A mechanical failure forced a NASA contractor to call off the first test firing of the main part of NASA's powerful new moon rocket.
The test wasn't immediately rescheduled as officials scrambled to learn the root cause of the failure.
Alliant Techsystems Inc called off the rocket burn with just 20 seconds left on the countdown clock. Operators cited failure of a power unit that drives hydraulic tilt controls for the rocket's nozzle. The rocket was anchored to the ground in a horizontal position for the test.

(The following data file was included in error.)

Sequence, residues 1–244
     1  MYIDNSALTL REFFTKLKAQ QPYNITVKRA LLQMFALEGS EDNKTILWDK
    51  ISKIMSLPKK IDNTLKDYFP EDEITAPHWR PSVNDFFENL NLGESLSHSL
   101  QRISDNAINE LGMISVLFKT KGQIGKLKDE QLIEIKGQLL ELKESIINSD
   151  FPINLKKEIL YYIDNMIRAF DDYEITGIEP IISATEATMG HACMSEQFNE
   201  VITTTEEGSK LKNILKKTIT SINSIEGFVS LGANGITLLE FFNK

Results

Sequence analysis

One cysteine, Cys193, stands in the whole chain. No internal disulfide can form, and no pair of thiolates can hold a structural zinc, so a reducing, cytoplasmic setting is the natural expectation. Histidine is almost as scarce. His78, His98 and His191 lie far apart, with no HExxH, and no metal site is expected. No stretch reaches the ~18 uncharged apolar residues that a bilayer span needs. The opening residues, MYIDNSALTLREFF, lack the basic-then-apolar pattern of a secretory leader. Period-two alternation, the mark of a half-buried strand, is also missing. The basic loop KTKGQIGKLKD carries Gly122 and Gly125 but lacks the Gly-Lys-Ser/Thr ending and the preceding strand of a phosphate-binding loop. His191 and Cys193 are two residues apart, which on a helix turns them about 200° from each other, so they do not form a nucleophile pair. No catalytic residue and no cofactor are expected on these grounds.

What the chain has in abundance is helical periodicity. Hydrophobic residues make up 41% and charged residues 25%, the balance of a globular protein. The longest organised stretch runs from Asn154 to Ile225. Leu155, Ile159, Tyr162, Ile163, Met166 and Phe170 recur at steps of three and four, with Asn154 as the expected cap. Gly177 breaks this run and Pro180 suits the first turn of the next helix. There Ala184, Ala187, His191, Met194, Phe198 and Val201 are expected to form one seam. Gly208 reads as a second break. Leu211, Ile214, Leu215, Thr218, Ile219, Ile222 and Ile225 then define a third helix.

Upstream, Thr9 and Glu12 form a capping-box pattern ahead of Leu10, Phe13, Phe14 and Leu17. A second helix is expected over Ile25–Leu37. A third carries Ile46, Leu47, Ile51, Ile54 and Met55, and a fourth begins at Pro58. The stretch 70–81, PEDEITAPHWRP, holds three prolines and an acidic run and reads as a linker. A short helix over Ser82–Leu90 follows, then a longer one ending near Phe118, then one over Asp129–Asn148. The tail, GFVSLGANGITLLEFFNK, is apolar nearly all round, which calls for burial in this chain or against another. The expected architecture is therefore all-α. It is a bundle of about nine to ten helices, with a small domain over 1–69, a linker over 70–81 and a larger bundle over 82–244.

It was a setback for a carefully staged, USD 75 million event that drew thousands of onlookers. Alliant hoped the routine test would prove the performance of a new program for space exploration that, like the test rocket, may not fly because of NASA budget problems.
There was no indication anything was wrong with the rocket itself, which packs 0.45 million kilograms of chemical propellant, enough to boost a 98-meter-long vehicle 58,000 meters into the atmosphere.
At a news conference in Utah, officials said the power unit for the nozzle controls, which steers a rocket in flight, was robbed of fuel, apparently because of a faulty valve.